Track Back, start again.

It didn’t all come crashing in at once, it was more like a gentle landslide. Sickness. Family stuff. Needy kids. Car trouble. It all compacted together against our obligations and an unrelenting schedule. We started school in August. It was good. I still found time to write, exercise, and sleep. My sister moved in with us in August, and needed rides to work a few times a week. My eldest started a demanding EMT class in September. Shane and I started foster parent training in September. We had family in, which was a joy, but we still tried to keep up a regular pace in stead of letting life interrupt our schedule.  Sometime around then, I stopped getting enough sleep a night, stopped losing weight, started getting fatigued. I stopped making time for things that are good for my soul. Started reading sensational news articles instead of books and watching political commentary instead of having quiet devotions.

In the midst of a busy schedule, we all started to suffer. My oldest struggled with her class. My ten year old started having emotional meltdowns, the kids all got sick, my husband got worn down.

I turned 38, and took a step back. Talked to my hubby. Contacted the foster parent agency we were training with and said “we’re not in that season yet”. I really wanted us to be in that season, but we’re not. Our other children need more from us right now.

This week we’ve been in recovery mode. We cleaned house. We spent some days just playing with legos. The meltdowns stopped.

This week, I took time to think rather than just ingest media. I’ve been reading about late 1930’s Germany, paying particular attention to the tension between faith and nationalism. This line of investigation  led me to the Barman Declaration (which was awesome, the church took a stand against German nationalism and the Nazi party), Karl Barth (the theologian who summed it all up with:Jesus loves me, this I know, for the Bible tells me so!) , and the life of Dietrich Bonheoffer. In reading Bonhoeffer, I find a gentle reminder of an orthodox Christian liberality? liberalism? that I can embrace. I find a respite from the false dichotomy presented by the media, and the better way Jesus expounded on in the Sermon on the Mount.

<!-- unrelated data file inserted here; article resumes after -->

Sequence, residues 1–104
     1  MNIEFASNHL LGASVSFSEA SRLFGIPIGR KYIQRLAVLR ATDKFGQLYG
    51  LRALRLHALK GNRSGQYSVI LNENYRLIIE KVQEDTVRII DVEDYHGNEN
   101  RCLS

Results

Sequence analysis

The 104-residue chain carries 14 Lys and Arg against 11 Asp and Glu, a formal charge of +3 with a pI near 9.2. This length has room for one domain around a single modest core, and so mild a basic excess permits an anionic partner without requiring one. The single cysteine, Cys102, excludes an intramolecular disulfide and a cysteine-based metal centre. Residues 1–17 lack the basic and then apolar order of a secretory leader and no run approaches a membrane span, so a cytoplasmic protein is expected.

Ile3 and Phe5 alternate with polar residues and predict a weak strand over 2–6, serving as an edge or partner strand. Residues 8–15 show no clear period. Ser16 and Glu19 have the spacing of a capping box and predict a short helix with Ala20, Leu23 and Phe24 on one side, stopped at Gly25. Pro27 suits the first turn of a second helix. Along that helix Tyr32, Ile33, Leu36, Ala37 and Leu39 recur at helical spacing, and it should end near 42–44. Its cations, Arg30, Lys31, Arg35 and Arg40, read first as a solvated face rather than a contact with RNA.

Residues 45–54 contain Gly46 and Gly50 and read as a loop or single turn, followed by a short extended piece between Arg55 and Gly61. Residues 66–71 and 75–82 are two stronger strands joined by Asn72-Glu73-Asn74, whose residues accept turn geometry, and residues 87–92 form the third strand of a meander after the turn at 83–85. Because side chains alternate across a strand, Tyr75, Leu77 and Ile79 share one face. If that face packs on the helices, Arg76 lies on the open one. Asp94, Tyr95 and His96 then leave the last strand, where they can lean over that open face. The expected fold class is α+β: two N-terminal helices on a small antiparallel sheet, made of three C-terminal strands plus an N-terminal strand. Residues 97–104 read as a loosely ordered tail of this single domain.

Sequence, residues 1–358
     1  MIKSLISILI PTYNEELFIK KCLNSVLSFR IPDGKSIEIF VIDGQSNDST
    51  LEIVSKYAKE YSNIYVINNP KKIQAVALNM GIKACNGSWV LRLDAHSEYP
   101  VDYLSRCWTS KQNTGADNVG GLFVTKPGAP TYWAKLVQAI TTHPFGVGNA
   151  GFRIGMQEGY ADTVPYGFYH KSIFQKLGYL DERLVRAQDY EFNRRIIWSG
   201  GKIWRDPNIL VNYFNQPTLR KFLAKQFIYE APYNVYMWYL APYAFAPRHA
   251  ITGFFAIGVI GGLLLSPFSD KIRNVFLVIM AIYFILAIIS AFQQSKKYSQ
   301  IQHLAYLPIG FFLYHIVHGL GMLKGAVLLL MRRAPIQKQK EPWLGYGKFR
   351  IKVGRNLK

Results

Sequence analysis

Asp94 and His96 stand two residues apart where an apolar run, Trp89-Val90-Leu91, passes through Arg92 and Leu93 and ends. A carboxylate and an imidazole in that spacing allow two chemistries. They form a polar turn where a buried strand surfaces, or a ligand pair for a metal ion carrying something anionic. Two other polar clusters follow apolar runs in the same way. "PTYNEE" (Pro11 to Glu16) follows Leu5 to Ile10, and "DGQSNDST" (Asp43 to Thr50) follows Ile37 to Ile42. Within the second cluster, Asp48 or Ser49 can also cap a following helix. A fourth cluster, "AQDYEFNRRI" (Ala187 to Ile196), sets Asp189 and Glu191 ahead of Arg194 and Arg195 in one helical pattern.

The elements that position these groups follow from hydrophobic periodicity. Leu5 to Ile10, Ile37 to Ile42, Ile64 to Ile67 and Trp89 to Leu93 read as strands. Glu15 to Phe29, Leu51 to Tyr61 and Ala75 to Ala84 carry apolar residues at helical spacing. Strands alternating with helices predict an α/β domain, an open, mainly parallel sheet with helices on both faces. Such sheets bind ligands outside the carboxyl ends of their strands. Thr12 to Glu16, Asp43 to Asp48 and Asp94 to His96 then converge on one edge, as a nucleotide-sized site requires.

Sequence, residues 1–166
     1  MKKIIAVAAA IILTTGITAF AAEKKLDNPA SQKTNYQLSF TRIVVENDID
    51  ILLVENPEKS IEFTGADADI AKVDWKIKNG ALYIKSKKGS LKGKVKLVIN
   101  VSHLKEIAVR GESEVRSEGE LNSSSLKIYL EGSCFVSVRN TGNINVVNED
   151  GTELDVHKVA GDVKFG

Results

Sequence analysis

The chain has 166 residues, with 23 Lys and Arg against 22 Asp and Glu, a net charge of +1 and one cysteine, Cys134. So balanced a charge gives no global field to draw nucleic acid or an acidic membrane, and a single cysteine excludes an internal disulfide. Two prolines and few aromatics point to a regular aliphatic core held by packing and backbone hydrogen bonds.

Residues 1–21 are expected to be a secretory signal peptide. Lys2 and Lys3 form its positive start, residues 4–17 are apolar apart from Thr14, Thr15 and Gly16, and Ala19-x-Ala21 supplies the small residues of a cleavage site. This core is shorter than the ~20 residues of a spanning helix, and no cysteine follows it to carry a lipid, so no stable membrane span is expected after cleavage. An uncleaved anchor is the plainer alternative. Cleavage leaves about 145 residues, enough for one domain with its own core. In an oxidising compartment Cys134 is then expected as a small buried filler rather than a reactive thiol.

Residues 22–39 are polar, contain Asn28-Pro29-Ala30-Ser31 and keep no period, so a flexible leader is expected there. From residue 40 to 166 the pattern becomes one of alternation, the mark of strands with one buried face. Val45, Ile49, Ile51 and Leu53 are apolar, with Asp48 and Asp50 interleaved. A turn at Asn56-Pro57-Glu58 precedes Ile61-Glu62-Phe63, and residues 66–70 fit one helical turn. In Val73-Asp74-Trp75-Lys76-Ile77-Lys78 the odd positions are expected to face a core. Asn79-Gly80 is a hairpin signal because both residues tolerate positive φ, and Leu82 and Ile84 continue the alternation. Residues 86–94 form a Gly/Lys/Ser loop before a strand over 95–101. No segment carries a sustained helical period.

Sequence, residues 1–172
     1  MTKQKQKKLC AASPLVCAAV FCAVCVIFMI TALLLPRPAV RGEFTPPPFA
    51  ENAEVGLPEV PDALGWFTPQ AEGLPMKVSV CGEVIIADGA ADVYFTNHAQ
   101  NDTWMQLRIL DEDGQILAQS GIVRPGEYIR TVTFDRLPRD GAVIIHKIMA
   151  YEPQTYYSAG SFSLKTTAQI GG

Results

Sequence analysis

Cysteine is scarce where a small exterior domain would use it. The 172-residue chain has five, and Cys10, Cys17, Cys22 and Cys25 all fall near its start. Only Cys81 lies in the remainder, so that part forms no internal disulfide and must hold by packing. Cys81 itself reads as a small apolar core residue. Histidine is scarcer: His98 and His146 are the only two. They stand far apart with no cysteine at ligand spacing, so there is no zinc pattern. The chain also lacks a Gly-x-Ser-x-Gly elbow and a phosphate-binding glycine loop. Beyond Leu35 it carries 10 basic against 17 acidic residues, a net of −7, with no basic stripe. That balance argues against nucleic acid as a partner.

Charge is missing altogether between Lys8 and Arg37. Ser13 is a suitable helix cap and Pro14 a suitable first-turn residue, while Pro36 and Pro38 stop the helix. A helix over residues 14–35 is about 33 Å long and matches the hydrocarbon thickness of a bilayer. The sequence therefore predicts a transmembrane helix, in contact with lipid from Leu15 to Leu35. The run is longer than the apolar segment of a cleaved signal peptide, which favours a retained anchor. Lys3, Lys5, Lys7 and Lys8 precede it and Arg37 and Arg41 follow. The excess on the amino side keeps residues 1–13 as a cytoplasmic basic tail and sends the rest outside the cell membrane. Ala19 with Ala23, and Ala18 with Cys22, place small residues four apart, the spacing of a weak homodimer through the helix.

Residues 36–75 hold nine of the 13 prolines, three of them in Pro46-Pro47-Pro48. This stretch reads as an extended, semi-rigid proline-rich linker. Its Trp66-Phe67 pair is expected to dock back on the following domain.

Today I read Psalm 37. It said not to worry about the wicked or the powerful. It said to rest, to dwell in the land, and to wait. It said that the meek would inherit the earth. I struggle with waiting. I struggle with  a gnawing uncertainty that we’re not doing enough. The lie that I am supposed to do “great things” for God. Is it really enough just to raise my kids? Shouldn’t I be doing something more?

And yet, the fruit that Christ looks for is not in the things that we build for Him, but the fruit that we bear in the process. And the fruit of the Spirit is this: love, joy, peace, patience, faithfulness, gentleness, and self control. These fruits dried up in my life weeks ago (were they ever there?). They were replaced with: stress, anxiety, self reliance,  bitterness, a short temper, binging, and guilt.

So I’m stepping back. Going back to the place where I last knew peace, and joy. Resting from my work and entering His.

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